I began to make bread seriously around the same time I met John. I was living in a basement apartment on Connecticut Avenue near Nebraska Avenue. The apartment had no windows and John had given me herbs to grow that I kept alive with grow lights. Doing with–with what I had as there was no room OR space OR light for a garden. Making bread in that apartment was a challenge as well, however at that time I was working as a lawyer and producing a documentary and to work live material with my hands was exhilarating. To make bread is to interact with a live culture and from this perspective I continue to understand the connection between Gardening and Breading.
Making bread I experimented with cultivating a live wild starter from just flour and water and letting this ferment into yeast. This is the process of making a sour dough. I also experimented with using fresh compressed yeast. Ultimately I found the fermenting starter too sour and the compressed yeast starter not rich enough. After months of experimenting and bringing John tastes to the catering company we both worked for at the time, I came up with a process of “AND”– I would make both a starter using fresh compressed yeast AND allow it to sit over night as one would do in the making of a wild starter.
I have made bread almost every day of my life since those early trys and I tell anyone who wants to learn how to make bread that it is a process that is informed by experience– the who, where, why and when. Of course there were experimentations with flours and grains and seeds in those early attempts… However the method of leavening was my most important discovery and this process has stuck with me and grown and changed in its many iterations from Connecticut Ave all the way through Rupperts… I consider my process a method of variation and echoing–Variation in the understanding that each time I make bread I know it will be different and Echoing in that there is an attempt to repeat what is desirable but ultimately this repetition will always be different even if in the slightest variation. I don’t consider an echo any less authentic or desirable than my first attempts but all connected and original.
A few structural tid-bits on live yeast cultures whether you are making one from scratch by cultivating flour and water or you are using fresh compressed yeast.
1. Sugar activates yeast or feeds yeast
2. Salt inhibits yeast or kills yeast
3. Cold temperatures put yeast to sleep or encourages a dormancy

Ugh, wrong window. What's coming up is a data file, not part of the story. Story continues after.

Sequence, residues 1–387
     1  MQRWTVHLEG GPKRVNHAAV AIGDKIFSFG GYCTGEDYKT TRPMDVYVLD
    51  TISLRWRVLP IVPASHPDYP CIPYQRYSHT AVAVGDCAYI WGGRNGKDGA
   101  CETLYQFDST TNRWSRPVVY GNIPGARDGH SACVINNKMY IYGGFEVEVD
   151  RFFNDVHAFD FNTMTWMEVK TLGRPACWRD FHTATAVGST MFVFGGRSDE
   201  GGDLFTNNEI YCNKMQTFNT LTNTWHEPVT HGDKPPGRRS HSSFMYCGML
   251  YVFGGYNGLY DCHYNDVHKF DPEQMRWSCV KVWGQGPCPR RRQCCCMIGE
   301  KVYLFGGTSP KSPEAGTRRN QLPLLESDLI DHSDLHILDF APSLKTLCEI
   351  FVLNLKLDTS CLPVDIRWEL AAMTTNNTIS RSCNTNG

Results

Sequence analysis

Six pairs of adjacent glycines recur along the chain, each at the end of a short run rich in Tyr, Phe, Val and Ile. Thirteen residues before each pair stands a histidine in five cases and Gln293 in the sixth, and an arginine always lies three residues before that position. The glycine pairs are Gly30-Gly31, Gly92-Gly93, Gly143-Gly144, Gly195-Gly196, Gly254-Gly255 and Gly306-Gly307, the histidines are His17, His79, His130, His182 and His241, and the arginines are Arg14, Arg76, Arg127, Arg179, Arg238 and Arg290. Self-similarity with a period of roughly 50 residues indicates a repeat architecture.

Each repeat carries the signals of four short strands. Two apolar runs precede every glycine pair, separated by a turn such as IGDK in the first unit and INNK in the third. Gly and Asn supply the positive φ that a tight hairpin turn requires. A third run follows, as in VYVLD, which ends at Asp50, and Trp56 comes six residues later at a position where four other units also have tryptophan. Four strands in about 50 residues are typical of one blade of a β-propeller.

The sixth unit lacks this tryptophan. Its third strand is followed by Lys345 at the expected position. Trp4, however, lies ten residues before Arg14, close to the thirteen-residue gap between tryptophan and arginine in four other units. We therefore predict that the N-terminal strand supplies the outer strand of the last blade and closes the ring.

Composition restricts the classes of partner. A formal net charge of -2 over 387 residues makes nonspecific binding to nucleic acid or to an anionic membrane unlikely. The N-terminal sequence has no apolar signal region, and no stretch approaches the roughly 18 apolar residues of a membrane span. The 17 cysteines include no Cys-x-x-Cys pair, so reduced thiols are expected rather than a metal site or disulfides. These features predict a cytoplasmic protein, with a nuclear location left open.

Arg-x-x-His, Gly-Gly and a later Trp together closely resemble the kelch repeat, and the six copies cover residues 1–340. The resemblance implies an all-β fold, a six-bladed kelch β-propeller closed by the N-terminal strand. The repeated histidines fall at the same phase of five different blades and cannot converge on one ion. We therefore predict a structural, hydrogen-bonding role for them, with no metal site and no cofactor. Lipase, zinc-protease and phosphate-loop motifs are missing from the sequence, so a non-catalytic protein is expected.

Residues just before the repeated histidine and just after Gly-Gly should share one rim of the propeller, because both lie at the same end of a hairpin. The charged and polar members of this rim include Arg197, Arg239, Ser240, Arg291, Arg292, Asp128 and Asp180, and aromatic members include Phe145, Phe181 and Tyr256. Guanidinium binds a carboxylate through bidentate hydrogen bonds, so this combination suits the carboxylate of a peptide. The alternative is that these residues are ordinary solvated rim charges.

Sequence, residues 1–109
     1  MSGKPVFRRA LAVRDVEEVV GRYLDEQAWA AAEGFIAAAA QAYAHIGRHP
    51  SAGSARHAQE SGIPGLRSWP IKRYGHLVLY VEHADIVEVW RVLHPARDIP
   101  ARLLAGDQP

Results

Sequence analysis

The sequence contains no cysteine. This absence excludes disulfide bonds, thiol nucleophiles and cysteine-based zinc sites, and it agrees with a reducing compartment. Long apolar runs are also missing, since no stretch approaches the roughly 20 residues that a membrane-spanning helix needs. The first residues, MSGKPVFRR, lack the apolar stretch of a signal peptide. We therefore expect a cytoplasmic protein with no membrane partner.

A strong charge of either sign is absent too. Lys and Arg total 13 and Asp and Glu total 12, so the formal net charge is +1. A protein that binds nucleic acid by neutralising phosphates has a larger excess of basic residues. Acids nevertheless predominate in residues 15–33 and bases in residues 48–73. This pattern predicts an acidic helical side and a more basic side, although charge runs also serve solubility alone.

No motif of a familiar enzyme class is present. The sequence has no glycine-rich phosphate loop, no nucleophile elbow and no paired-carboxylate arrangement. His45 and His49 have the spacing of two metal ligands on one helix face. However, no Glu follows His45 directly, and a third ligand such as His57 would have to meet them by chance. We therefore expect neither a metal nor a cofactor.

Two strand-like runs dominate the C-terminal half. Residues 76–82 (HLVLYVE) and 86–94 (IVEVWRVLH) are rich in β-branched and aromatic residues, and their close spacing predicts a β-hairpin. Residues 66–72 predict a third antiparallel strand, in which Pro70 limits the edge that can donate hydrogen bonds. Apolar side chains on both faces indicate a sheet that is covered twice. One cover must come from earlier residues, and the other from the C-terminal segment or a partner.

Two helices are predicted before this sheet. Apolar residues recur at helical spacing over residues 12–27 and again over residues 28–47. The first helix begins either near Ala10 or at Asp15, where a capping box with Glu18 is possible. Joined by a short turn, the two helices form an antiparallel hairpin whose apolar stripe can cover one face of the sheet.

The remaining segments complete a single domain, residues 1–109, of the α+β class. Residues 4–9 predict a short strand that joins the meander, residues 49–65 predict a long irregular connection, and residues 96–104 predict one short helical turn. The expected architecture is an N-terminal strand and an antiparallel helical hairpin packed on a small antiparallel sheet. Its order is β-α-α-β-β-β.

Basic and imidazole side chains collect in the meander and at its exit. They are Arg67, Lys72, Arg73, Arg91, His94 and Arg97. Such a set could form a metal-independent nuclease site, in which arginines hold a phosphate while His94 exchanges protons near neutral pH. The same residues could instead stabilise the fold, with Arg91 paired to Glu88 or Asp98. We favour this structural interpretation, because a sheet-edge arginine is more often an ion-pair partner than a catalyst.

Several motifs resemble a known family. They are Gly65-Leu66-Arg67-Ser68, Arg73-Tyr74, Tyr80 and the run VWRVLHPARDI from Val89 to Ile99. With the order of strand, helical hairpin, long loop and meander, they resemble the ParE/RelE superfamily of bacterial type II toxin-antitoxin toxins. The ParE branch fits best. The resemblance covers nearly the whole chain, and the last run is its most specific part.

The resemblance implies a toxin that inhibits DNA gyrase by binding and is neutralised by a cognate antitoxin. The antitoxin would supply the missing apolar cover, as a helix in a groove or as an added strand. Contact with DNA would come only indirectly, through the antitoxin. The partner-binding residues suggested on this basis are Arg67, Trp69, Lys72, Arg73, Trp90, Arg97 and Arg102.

4. Hot temperatures will Kill yeast but WARM temperatures make yeast lively
So here again we see the process of “AND”–for you want to feed your yeast AND you want to curtail its growth at the same time… Like most encounters, we desire a lively robust experience and at the same time just enough control in that the potential is not squashed or squelched, while at the same time not being over run (I think of the ‘I Love Lucy’ episode in which she is literally forced out of her kitchen by a loaf of bread she was baking)…In bread making the “AND” entails being guided by taste. How the saltiness and the sweetness informs your process is usually where you will find your good mixtures in the counter actualizations of seemingly opposing forces that should instead be seen as acting in concert… The same goes for temperature–experiment with letting rise in warm areas or in the fridge depending on what sort of time constraints you may have and what sort of working strategies feel good to you…For if you like to work fast and are a adrenalin junkie you may want to work with higher temperatures or if for example you prefer cross country skiing to downhill skiing you may want to work in cooler temperatures… Temperatures in terms of liquids added and even the temperature of the room…
One final note this post is about the Making of Bread not the Baking of Bread–I will post about that later and here are my loose guidlines to making bread:
Fill a large bowl with about 3 cups of warm water. Add 2 tablespoons of fresh compressed yeast, 2 tablespoons sugar, 2 tablespoons of salt and a cup of flour. Stir mixture and leave at room temperature for 6-12 hours. Slowly add flour while kneading. The flour can be all-purpose unbleached but even tastier and healthier if you use other flours in addition to all purpose flour. Generally I use about 1/2 all purpose unbleached flour with the balance being one or a mixture of the following flours- spelt, whole wheat or buckwheat. Knead dough adding more flour until the dough forms a ball and stope sticking really badly to your hands- this will take at least 8 cups of flour. Set bread aside until it doubles in volume. Then form the dough into your desired shape loaf and let it sit at room temperature for an additional 30 minutes to an hour before baking.